Punk’s not dead, it merely crawled into a disused orifice of the dark underbelly of the capitalist economic system and started to multiply in the warm moist conditions there. In 1991 cult California band Dystopia emerged screaming from the said orifice in a tantrum of down tuned righteousness, leaving an inspired trail of seven inch singles and split albums. And this is where that trail ends.
This is a savage and fucking pissed off recording that effectively typifies Dystopia’s precocious and brutal hardcore dynamics. This particular disc is referred to as the final Dystopia LP, the tracks were recorded between 2004-2005 and represent “the last chapter in Dystopia’s existence writing bleak and heavy doom-ridden punk” (that’s what it says on their fittingly sparse and enigmatic myspace page).
Released earlier this year, this recording uses the eerily effective technique of whining feedback and disjointed spoken word samples, employed in the past to such chilling effect by various reprobates such as the Butthole Surfers and Eyehategod. This is coupled with the meaty multi-tempo hardcore thrash that personifies Dystopia’s hardcore-sludge hybrid, the twin screams of drummer Dino and guitarist Mauz injecting ferocious punk attitude into the already toxic broth.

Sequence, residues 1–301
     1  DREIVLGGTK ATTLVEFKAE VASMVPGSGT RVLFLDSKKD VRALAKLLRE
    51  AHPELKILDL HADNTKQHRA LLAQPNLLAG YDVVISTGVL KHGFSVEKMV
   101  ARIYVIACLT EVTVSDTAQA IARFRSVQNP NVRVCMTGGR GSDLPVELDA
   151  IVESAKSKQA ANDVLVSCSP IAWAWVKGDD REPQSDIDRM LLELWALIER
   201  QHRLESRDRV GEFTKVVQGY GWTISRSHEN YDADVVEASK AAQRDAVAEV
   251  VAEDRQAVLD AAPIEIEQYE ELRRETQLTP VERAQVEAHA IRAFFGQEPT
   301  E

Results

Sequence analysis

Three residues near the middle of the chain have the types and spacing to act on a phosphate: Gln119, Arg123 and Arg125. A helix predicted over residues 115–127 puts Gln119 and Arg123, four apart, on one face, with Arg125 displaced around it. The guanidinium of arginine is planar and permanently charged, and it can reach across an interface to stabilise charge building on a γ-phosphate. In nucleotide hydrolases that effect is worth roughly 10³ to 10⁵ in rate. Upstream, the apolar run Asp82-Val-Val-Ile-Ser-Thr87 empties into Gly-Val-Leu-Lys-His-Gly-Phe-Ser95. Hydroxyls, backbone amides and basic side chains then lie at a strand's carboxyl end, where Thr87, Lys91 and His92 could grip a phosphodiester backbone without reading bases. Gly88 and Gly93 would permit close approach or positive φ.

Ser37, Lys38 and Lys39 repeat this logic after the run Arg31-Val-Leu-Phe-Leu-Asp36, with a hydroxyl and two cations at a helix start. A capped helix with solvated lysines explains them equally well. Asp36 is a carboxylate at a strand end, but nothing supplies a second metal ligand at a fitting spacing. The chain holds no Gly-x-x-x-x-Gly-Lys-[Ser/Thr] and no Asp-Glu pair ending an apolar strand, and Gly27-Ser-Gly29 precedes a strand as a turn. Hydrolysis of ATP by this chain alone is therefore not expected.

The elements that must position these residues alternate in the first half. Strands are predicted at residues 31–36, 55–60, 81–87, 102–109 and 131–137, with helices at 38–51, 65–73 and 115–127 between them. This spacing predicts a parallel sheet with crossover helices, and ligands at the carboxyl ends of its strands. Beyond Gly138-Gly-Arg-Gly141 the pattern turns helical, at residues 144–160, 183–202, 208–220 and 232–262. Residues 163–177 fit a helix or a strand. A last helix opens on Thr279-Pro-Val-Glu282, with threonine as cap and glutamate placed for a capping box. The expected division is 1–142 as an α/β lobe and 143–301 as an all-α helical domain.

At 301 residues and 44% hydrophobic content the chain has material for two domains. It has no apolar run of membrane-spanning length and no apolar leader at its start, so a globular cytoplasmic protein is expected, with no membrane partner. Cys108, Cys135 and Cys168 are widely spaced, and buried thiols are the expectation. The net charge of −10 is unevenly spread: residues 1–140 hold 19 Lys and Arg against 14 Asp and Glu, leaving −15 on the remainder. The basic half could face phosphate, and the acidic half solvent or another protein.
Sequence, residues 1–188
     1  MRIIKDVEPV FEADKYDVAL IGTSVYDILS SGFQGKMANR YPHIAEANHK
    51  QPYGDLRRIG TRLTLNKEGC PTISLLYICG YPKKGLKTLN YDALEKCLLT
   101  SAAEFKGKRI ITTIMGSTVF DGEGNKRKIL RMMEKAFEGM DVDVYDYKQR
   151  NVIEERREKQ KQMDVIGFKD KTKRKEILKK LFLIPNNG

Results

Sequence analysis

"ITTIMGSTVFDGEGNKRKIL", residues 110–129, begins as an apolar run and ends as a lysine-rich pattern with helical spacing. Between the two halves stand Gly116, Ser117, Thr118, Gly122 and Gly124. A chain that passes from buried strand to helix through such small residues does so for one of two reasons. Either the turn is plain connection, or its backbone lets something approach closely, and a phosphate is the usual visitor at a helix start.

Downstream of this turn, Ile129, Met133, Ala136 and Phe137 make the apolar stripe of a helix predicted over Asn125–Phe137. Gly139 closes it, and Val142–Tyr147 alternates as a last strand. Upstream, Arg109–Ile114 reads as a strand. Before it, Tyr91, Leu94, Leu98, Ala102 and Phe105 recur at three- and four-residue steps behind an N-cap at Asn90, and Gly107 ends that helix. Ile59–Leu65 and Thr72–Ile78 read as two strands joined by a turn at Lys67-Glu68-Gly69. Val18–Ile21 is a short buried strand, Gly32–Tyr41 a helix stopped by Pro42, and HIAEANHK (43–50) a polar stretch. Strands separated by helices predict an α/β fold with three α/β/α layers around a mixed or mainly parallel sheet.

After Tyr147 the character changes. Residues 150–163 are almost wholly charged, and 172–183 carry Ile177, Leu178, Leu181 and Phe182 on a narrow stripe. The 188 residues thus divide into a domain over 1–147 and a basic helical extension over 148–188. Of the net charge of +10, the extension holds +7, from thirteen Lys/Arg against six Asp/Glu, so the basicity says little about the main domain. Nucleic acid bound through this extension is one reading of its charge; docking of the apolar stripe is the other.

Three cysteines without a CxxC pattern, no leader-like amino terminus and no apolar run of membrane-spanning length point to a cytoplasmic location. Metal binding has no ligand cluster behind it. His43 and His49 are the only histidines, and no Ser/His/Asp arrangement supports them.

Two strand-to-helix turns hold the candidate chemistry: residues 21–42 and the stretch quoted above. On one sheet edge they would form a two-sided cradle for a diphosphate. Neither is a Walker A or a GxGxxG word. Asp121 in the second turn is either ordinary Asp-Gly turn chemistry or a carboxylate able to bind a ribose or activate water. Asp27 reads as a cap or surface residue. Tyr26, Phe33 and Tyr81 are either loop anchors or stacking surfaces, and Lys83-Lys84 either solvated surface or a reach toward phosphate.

‘Now and Forever’ starts like a nightmare, a multi-layered sample of a disembodied voice pessimistically commenting on global politics drones on whilst feedback and slow doom-charged bass encroach on the listener like a giant bloated cockroach. Three minutes in and Dystopia take off, charging against this insane world and sounding like the crustiest and most despairing punk band in the western world. There is a beautifully old school feel to Dystopia’s thick and rancorous sound, I could almost be standing in the Mermaid pub in Birmingham circa 1986, watching them shower the amassed anarchists with bile and cheap cider.
‘The Growing Minority’ is a short sound-collage based around a sample of a woman yelling about the horrors of enforced electro-shock therapy, then blasts into ‘Illusion of Love’, which thrills me to the marrow with dark and desperate energy. All seven tracks are a raw treat for any lover of old fashioned crust punk metal hardcore (the eighth track on my CD is twenty minutes of complete silence). The real clincher for these old ears is that over the course of the album Dystopia come very close to approximating the pained sound and attitude of the incomparable genius that is Rudimentary Peni. The scorched vocals of both Dino and Mauz recall the magnetic despair of singer Nick Blinco and his black world of psychological torture. What greater recommendation could there be?
Dystopia truly reflect the concept they are named after. Excuse me while I reach for my anti-depressants.
Scribed by: Adam Stone